C. Malicious insiders

Organizations may forget to wipe out corporate data from a BYOD device when an employee leaves the firm. These employees might misuse sensitive information, jeopardizing the company’s trade secrets.

D. Lost or stolen device

BYOD requires employees to carry their personal devices to work and back home on working days. This increases the chances of theft or misplacement, giving third-party individuals access to all the business data stored in the device. 

Fortunately, you can prevent these risks by taking appropriate security measures. 

Let’s look at some of them: 

  • Prohibit your employees from accessing WiFi from public places like airports, cafes, etc.
  • Register an employee’s device with the company to monitor the presence of malware.
  • Enable remote wiping of sensitive information from devices of employees who’re leaving the organization.
  • Limit employee access to sensitive data based on their designation to improve BYOD security and eliminate risks associated with stolen or lost devices.
  • Protect devices using 2-factor authentication apps, setting passwords, preventing download of unsafe apps, etc.

2. Software issues

Lack of consistency among employee devices and OS (Operating System) can make it difficult to choose compatible software. 

For example, software that’s compatible with iOS may not be compatible with Windows.

You can solve this problem by having a technical support team that’ll help:

  • Find suitable software.
  • Troubleshoot problems.
  • Diagnose software installation and application issues.
  • Identify sources of the problem and offer solutions. 

Additionally, you can also set specific standards for employee owned devices on the generation of processor, type of graphic card, etc., so that it’s compatible with the software. 

Now that we have seen how to tackle BYOD risk, let’s look at how to introduce the system successfully in the workplace. 

How to implement BYOD successfully?

You need to ensure that the BYOD program implementation doesn’t leave any gaps for security risks or inefficiencies to creep into.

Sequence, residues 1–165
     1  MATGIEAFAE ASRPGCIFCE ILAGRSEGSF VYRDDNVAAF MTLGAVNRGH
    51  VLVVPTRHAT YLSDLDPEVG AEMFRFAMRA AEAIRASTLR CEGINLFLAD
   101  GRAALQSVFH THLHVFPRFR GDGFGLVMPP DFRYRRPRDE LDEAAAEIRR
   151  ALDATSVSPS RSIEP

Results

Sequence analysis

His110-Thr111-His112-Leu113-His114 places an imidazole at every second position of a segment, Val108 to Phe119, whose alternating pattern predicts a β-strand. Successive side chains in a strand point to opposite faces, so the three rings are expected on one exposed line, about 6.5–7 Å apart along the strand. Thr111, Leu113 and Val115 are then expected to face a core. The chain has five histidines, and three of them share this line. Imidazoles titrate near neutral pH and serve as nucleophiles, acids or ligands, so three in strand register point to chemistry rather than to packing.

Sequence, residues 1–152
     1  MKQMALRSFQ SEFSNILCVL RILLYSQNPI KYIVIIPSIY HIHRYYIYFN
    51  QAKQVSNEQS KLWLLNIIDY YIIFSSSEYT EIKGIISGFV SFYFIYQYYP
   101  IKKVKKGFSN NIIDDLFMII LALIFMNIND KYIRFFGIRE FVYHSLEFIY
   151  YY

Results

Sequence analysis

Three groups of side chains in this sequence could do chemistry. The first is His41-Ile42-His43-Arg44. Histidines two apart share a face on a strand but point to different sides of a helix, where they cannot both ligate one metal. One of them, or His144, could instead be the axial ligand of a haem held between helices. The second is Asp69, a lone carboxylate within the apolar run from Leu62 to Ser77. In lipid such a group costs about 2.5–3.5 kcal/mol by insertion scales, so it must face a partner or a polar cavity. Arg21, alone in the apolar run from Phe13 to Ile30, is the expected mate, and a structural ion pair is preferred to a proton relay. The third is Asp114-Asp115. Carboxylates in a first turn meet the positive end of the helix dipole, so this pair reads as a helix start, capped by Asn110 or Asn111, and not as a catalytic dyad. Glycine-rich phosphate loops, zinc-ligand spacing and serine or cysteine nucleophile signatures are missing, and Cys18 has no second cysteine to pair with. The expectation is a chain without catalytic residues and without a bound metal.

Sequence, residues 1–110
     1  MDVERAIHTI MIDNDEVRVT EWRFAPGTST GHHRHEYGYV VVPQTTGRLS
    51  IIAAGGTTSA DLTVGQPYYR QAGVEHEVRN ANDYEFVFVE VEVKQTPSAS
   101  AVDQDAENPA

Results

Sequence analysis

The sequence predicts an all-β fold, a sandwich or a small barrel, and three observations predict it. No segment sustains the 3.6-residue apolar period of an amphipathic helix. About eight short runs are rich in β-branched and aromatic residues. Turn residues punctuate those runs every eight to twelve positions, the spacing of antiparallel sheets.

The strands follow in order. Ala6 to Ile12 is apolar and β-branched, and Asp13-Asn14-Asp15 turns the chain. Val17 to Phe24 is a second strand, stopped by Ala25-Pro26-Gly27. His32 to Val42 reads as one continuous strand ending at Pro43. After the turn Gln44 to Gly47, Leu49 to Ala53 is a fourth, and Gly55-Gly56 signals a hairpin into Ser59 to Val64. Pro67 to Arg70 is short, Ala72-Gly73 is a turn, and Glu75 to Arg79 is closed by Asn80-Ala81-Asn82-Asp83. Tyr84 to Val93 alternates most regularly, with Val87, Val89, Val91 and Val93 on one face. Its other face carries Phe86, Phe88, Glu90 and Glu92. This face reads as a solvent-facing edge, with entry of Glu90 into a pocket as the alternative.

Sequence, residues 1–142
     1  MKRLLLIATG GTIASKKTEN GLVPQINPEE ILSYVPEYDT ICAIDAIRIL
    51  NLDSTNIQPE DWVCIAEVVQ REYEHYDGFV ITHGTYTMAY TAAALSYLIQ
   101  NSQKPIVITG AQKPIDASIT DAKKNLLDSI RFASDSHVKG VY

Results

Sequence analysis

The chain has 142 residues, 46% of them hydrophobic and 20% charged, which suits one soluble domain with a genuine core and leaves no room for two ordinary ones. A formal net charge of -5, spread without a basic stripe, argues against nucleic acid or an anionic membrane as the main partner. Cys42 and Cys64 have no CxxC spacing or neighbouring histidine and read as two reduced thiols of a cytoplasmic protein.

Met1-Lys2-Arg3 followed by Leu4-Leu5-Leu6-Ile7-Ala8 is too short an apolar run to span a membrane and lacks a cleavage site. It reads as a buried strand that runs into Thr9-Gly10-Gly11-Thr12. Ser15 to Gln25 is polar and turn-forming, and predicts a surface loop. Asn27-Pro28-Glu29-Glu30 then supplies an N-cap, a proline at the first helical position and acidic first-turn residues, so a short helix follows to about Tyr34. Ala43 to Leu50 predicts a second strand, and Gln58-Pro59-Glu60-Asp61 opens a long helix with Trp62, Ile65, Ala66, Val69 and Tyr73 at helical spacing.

Here are a few ways you can ensure a successful implementation of BYOD:

  • Explain the aim of the BYOD strategy and how it helps achieve the work purpose to your employees.
  • Convey the disciplinary actions that may follow non-compliance with company policies and acceptable use limits.
  • Register all employee devices with the company.
  • Specify the amount of reimbursement that you’ll provide for the device and data plans.
  • List recommended or required device types – iPad, iPhone, tablet devices, etc.
  • Ensure that the device owner’s data and the organization’s data are kept separate.
  • Make sure that an employee can’t transfer company data into their personal storage. 
  • Create an MDM (Mobile Device Management) policy to prevent misuse of any mobile device.

Final thoughts

BYOD is a flexible system that increases employee satisfaction, productivity and saves overall device costs. Besides, it also helps businesses recruit better employees and offer flexible work systems like remote or hybrid work.

However, implementing a Bring Your Own Device policy in a workplace can be risky, making companies vulnerable to vicious threats.  

You can use the preventive measures covered in this article to aid during the BYOD implementation and ensure that BYOD runs successfully in your organization.